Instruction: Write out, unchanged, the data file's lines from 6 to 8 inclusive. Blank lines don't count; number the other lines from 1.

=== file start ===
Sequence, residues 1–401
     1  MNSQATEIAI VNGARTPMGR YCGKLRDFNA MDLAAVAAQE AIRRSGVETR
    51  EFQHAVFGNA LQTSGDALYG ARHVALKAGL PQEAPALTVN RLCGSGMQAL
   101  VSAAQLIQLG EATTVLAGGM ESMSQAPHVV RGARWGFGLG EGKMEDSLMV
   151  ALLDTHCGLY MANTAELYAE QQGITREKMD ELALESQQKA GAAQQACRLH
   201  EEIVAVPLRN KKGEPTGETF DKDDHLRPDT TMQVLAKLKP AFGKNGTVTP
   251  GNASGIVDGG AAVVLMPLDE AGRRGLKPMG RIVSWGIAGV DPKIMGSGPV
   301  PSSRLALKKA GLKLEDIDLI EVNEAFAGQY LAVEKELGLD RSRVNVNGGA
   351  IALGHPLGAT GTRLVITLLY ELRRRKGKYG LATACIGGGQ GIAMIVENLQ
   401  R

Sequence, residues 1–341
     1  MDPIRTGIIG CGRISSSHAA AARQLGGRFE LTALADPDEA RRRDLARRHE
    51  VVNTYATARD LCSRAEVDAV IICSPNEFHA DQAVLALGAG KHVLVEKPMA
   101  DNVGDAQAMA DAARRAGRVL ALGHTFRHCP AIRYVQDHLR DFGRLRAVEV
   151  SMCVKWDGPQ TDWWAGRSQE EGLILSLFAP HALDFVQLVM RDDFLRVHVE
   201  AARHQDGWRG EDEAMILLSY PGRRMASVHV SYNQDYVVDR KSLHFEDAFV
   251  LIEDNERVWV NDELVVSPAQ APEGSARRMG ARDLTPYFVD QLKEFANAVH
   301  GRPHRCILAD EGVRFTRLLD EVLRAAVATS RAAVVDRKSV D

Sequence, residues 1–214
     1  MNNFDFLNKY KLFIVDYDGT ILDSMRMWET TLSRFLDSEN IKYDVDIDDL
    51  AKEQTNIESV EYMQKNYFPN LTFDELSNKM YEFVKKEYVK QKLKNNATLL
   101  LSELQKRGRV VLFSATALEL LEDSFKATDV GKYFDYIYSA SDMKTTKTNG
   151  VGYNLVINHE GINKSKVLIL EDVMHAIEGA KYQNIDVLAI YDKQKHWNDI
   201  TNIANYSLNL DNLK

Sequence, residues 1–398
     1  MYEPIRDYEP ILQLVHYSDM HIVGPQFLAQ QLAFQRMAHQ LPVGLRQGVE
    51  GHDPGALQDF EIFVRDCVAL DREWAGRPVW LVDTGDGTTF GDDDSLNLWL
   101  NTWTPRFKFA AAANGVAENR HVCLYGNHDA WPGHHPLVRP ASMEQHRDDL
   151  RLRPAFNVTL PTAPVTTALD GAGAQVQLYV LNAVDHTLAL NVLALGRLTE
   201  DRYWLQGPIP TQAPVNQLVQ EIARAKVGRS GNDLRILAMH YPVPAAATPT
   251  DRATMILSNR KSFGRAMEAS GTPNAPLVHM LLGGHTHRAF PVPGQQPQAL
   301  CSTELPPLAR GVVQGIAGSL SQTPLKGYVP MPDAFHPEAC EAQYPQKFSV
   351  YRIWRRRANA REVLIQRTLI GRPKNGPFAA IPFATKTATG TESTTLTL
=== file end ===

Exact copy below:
   201  EEIVAVPLRN KKGEPTGETF DKDDHLRPDT TMQVLAKLKP AFGKNGTVTP
   251  GNASGIVDGG AAVVLMPLDE AGRRGLKPMG RIVSWGIAGV DPKIMGSGPV
   301  PSSRLALKKA GLKLEDIDLI EVNEAFAGQY LAVEKELGLD RSRVNVNGGA